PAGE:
The European Commission (EC) warned that the recent announcements by Greek PM Alexis Tsipras to allocate part of the GDP surplus to low income pensioners, which resulted in a heated exchange of rhetoric between the Greek side, EU officials and the IMF, would delay the second review of the fiscal adjustment program. The vice-president the EC, Valdis Dombrovskis, noted that the social provisions announced by the Greek PM led to an “unnecessary and useless” situation in negotiations between Athens and the institutions, in an interview to Kathimerini’s Sunday edition. The EC vice-president added that even though talks would continue and that the Greek program was generally on course, the unilateral decision by Mr. Tsipras made talks more “tumultuous”, estimating that a deal on the second review, which appeared to be close would now be pushed back weeks or even months.
Mr. Dombrovskis’s views echoed those of the managing director of the European Stability Mechanism (ESM), Klaus Regling, who in an interview to Spanish El Mundo claimed that the announcements had hurt efforts to restore trust between Greece and its creditors, although the provisions themselves were not expected to substantially impact the fiscal targets of the Greek program.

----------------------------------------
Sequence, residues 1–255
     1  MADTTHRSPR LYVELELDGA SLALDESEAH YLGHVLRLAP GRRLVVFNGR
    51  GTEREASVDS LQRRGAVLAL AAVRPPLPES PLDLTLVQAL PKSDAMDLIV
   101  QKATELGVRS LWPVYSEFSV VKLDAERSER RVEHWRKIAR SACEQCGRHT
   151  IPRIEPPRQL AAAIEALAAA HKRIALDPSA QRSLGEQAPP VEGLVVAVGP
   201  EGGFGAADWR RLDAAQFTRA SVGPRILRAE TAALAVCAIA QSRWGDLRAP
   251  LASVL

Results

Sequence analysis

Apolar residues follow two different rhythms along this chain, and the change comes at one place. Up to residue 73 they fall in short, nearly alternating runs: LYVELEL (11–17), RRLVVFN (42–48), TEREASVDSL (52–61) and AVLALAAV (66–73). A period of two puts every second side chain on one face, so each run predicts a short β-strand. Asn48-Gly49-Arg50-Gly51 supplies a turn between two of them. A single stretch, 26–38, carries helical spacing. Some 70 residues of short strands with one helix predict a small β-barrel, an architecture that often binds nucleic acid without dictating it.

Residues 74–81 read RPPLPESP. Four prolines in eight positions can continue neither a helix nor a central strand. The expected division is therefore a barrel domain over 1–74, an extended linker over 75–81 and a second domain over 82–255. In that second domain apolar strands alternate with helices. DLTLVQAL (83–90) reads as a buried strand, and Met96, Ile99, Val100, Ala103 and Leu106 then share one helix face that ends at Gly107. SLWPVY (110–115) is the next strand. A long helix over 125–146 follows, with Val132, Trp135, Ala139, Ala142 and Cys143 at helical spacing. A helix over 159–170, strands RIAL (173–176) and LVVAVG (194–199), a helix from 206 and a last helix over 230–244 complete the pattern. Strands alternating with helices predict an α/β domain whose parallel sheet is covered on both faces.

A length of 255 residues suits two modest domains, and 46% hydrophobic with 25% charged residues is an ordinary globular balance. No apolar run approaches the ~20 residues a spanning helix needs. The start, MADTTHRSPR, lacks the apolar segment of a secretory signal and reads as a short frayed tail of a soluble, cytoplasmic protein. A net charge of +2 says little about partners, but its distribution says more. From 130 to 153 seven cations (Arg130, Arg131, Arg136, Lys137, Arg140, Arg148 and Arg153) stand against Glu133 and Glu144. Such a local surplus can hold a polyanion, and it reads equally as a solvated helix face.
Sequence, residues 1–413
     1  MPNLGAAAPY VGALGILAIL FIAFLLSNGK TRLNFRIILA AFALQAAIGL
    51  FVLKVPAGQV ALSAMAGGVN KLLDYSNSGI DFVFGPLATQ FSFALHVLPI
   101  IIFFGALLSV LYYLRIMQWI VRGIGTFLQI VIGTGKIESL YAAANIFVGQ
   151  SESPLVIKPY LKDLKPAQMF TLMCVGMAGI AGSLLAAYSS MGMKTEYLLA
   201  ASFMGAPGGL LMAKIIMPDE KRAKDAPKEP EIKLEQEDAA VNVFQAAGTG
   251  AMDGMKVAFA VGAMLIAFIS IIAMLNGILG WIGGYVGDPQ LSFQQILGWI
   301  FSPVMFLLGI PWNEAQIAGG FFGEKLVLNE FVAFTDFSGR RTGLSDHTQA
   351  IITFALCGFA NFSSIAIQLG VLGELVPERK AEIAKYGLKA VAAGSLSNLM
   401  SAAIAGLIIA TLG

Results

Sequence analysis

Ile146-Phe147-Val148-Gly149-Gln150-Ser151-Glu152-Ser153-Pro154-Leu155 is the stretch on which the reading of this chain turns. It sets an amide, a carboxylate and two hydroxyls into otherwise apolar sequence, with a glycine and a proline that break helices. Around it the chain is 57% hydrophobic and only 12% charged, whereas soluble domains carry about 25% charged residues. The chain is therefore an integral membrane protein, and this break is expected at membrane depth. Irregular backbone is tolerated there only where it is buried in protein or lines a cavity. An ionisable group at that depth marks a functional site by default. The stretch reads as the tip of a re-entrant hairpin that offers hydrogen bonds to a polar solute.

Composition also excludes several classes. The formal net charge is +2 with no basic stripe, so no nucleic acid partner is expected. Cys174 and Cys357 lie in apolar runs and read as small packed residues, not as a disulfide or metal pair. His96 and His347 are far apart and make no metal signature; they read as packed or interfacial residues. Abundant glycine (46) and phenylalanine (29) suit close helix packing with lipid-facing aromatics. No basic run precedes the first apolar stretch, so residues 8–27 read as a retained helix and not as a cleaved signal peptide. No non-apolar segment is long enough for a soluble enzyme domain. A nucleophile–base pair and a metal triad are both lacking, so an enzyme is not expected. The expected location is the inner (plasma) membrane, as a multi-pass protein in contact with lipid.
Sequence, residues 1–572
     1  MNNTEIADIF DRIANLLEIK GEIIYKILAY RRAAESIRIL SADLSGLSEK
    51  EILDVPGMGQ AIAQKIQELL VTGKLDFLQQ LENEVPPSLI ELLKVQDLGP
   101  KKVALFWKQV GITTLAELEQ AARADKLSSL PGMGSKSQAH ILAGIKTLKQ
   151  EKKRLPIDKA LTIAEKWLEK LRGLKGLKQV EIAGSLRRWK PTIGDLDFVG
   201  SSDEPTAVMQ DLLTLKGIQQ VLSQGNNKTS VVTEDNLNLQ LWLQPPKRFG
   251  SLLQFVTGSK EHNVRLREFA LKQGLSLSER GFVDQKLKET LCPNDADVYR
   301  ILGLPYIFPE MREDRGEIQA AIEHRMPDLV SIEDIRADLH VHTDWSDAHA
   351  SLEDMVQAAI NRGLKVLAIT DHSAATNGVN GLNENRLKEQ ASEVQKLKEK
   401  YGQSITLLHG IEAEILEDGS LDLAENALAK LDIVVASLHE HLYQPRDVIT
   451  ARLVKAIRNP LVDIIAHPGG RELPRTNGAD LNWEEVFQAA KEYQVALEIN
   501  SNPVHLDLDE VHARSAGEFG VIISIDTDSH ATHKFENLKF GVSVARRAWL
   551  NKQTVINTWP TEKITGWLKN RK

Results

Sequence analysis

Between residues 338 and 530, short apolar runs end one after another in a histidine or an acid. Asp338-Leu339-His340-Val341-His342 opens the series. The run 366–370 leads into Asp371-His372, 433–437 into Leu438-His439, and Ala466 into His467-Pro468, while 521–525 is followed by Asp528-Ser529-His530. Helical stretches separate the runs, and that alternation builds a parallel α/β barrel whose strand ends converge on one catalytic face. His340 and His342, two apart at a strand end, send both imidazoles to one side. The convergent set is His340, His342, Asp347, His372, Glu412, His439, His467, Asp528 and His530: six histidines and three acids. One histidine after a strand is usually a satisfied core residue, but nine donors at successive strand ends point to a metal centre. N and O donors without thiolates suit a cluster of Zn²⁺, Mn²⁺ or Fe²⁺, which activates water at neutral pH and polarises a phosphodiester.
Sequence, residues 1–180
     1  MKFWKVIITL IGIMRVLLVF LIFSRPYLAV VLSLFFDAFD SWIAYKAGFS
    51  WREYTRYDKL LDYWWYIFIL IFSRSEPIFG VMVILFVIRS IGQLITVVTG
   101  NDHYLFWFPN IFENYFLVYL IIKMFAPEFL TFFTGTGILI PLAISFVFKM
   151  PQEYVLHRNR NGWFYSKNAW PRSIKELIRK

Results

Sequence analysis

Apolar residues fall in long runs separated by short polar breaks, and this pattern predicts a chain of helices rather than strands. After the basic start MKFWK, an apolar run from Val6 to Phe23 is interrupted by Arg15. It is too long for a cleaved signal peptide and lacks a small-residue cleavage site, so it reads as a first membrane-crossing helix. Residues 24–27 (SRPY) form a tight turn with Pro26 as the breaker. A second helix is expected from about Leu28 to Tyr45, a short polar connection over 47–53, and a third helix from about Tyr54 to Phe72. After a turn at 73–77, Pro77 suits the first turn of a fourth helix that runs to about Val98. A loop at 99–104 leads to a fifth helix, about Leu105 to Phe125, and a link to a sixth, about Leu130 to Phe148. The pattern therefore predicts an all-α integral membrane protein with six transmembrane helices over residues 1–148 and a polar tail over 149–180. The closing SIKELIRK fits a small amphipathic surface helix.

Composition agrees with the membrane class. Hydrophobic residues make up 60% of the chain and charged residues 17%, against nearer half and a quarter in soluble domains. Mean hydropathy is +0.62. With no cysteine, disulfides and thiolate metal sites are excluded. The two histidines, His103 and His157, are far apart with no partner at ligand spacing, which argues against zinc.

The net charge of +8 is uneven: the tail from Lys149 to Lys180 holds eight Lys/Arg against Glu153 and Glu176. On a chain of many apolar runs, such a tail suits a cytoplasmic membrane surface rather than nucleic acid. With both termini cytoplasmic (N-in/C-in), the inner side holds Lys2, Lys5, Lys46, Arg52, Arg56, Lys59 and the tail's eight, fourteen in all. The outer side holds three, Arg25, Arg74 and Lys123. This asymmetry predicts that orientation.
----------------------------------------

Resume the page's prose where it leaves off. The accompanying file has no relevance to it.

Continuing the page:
The EC vice-president underlined that based on the terms of the bailout program Greece could not make social provisions without prior deliberation with the institutions, and reminded that according to the first assessment of the announcements there was some concern voiced. He went on to say that despite the difference of opinion between the IMF and the European creditors on the primary surplus and the fiscal measures necessary to achieve it, the gap between the two was in reality not as wide as had appeared in the press.
Meanwhile, think-tank Stratfor warned in a report that any delays in the completion of the second review of the Greek program would affect the inclusion of Greek bonds in the ECB’s quantitative easing scheme, as the European Central Bank has made it clear that it would not purchase Greek state bonds if no reassurances were present regarding the sustainability of the Greek debt.
On its part, Citigroup estimates that the unwillingness of Greece’s lenders, and especially Germany, to make any concessions to Greece would lead to rising tensions between the two sides over the next months, even tough its analysts estimate that these tensions would not lead to a complete breakdown in talks.